HIV-1 and amyloid beta interactions at the blood-brain barrier

Project: Research project

Project Details

Description

ABSTRACT The most significant development in HIV epidemiology is the increasing age in the infected population. Among HIV-associated comorbidities that have been related to aging, neurocognitive dysfunction and vascular disorders are particularly striking. The current proposal links both conditions together by focusing on the blood-brain barrier (BBB) and neurogenesis of neural progenitor cells (NPC). HIV infected brains are characterized by increased deposition of amyloid beta (A?), and we demonstrated in the previous funding cycle that the BBB (formed primarily by the endothelium of brain capillaries) actively participates in this process. The current proposal will explore the role of the brain endothelium-derived extracellular vesicles (ECV) in A? transfer to neural progenitor cells (NPC) and their impaired neurogenesis in HIV-infected brains. The proposed research is built on the notion that enhanced accumulation of A?, toxicity of anti-retroviral therapeutics, and residual viral replication in HIV-infected brain are driving the brain pathology resulting in neurocognitive decline. The central hypothesis of the proposal is that A? carried by ECV derived from the brain endothelium enhances HIV infection of NPC and impairs their differentiation into the neuronal lineage, resulting in neurocognitive decline. Specific mechanisms evaluated in this application include the impact of A? carried by the brain endothelium-derived ECV on HIV infection and the impaired neurogenesis of NPC (Aim 1), alterations of gap junction-mediated intercellular communication between infected and non-infected NPC (Aim 2), and (Aim 3) the contribution of anti-retroviral drugs to amyloid deposition and impaired neurogenesis of NPC in HIV-infected brain. Overall, the proposal offers a unique perspective on the interactions between the BBB and A? deposits in a HIV-infected brain, resulting in impaired NPC neurogenesis. We expect that the project will provide proof-of-principle for the involvement of A? in the development of cognitive dysfunction in HIV.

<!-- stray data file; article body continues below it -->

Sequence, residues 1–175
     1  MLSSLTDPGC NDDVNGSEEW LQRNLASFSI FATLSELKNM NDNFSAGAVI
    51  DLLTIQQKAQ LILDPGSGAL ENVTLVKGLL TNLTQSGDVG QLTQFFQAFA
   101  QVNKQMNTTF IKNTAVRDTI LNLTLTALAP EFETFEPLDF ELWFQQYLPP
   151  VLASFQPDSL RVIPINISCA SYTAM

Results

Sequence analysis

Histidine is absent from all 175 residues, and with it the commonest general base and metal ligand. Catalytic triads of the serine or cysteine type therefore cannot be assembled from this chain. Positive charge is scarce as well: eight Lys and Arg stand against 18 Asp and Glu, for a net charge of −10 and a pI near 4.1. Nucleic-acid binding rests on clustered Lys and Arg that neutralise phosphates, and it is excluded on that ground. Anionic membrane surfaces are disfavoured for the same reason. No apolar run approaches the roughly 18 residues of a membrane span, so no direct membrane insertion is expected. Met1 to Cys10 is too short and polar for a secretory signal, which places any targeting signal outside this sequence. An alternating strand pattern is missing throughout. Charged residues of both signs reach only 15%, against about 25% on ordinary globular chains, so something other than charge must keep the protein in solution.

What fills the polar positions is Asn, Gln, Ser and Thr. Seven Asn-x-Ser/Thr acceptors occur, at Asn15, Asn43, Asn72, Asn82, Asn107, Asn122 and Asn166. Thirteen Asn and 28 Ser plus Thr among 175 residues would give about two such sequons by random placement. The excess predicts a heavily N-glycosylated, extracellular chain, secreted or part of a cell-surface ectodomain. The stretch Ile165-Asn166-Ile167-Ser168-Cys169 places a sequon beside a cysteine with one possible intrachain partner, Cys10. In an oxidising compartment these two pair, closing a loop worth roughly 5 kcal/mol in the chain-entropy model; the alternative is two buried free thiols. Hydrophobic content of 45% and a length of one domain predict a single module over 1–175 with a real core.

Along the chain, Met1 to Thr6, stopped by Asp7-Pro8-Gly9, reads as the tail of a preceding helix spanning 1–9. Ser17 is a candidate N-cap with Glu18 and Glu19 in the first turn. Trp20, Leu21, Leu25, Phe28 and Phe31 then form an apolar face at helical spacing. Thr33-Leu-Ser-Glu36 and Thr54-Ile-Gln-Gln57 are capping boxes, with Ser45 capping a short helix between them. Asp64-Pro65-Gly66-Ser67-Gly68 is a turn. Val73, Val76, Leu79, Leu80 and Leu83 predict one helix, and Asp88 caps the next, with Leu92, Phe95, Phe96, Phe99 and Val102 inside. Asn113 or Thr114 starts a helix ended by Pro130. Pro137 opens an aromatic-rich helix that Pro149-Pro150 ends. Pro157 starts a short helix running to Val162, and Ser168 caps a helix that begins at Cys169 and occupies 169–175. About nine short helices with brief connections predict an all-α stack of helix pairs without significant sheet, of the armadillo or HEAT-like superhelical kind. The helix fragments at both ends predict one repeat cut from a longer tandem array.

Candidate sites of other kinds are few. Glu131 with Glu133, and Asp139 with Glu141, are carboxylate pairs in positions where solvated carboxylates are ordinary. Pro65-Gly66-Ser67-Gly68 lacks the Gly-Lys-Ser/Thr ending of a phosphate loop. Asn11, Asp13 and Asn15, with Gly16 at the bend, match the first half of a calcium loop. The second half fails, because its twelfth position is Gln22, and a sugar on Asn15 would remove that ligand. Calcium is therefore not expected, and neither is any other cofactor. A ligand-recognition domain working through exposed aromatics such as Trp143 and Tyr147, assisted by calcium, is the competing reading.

StatusActive
Effective start/end date9/20/054/30/22

Funding

  • National Institute of Mental Health: $481,646.00
  • National Institute of Mental Health: $498,815.00
  • National Institute of Mental Health: $363,375.00
  • National Institute of Mental Health: $490,356.00
  • National Institute of Mental Health: $363,375.00
  • National Institute of Mental Health: $363,375.00
  • National Institute of Mental Health: $348,840.00
  • National Institute of Mental Health: $277,817.00
  • National Institute of Mental Health: $352,688.00
  • National Institute of Mental Health: $286,115.00
  • National Institute of Mental Health: $463,430.00
  • National Institute of Mental Health: $277,817.00
  • National Institute of Mental Health: $292,667.00

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